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August 23, 2012

Scope of arbitration

Scope of arbitration
Richfield Springs CSD v Allen, 270 A.D.2d 734

Changes in health insurance benefits may be initiated by a third party that actually provides the benefit. Does an employee organization have any right to challenge a unilateral change in the health insurance plan made by the "third party?"

This was the major issue in Richfield Springs, a case that essentially explores the issue of the scope of arbitration under a Taylor Law agreement.

The health insurance plan covering members of the Richfield Faculty Association was changed. The plan had been established under Sections 92-a and 119 of the General Municipal Law and was commonly referred to as the BOCES plan.

The Association's basic objection: there was a change of carriers responsible for administering the BOCES Plan's coverage for prescription drugs. The Association's basic concern: the coverage to be provided by the new carrier would be inferior to the coverage under the BOCES's existing plan.

The Association demanded that the former prescription drug insurance be continued and that unit members be given "reimbursement for any financial loss" that they incurred as a result of the change. To enforce its demand, the Association filed a grievance formally objecting to the change. Eventually Richfield Springs Faculty Association President Tracy Allen demanded that the Association's grievance be submitted to arbitration.

In response to the demand for arbitration, the Richfield Central School District asked for, and obtained, a stay of arbitration from a State Supreme Court judge. Its argument: the dispute was not subject to the arbitration clause of the Agreement. The Association appealed.

Initially the Association's motion to compel arbitration was granted by the Supreme Court but subsequently an amended order was issued staying arbitration based on the court's finding that the Taylor Law agreement did not bind the district to arbitrate disputes between the Association and a third party, here the "BOCES Plan" administrators.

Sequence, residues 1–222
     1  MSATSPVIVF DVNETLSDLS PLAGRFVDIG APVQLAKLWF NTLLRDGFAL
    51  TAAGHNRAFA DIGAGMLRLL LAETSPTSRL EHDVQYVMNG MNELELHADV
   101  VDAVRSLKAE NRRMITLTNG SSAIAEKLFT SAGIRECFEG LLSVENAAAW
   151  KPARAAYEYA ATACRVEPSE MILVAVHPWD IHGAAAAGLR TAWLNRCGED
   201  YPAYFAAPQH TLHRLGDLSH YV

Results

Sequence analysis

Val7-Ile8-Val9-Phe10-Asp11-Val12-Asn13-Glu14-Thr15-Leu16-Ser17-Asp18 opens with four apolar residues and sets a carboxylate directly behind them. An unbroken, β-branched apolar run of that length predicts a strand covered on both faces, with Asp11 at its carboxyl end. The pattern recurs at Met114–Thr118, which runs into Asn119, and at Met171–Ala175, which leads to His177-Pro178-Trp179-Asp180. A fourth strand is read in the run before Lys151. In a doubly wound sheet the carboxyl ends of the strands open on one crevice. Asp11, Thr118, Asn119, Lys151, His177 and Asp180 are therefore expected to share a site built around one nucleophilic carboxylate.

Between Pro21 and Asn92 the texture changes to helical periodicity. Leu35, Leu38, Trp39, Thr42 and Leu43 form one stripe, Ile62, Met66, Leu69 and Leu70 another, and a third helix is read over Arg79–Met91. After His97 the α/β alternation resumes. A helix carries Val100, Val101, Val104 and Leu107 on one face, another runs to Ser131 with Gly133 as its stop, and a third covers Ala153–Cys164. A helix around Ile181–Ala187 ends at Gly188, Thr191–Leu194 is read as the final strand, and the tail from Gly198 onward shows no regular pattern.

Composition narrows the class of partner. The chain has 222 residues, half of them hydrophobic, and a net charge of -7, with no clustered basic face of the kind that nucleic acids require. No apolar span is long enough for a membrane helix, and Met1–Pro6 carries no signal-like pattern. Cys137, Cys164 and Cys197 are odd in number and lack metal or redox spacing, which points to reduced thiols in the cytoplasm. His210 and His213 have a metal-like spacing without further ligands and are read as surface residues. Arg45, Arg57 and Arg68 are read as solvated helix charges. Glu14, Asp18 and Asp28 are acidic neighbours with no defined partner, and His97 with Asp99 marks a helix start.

The Appellate Division reversed. The court decided that the Association's grievance regarding the change in the carrier of the prescription drug plan covering its members is arbitrable after all.

The court¸ citing Liverpool Central School, 42 NY2d 509, explained that "[i]t is settled law that grievances arising under public sector parties' collective bargaining agreements are subject to arbitration where both arbitration of the subject in dispute is authorized by the Taylor Law (Civil Service Law Article 14) and the parties clearly agreed by the terms of their contractual arbitration clause to refer their differences in the specific disputed area to arbitration."

This view was amplified by the Court of Appeals in a subsequent ruling, Watertown Education Association, 93 NY2d 132.

Using a two-step analysis, the Appellate Division first applied the "Liverpool test" and concluded that contract arbitration clause in the contract covered "the subject the dispute." It then applied the Watertown test -- "did the parties in fact agree to arbitrate this particular grievance." It concluded that the parties had so agreed.

The court pointed to the fact that the Richfield Springs collective bargaining agreement "specifically included" a clause stating that prescription drug coverage was to be provided by "Prescription Card Services (PCS)." Further, said the court, "the Agreement expressly provided that "[a]ny change in [insurance] plan or carrier shall be by mutual agreement of the parties."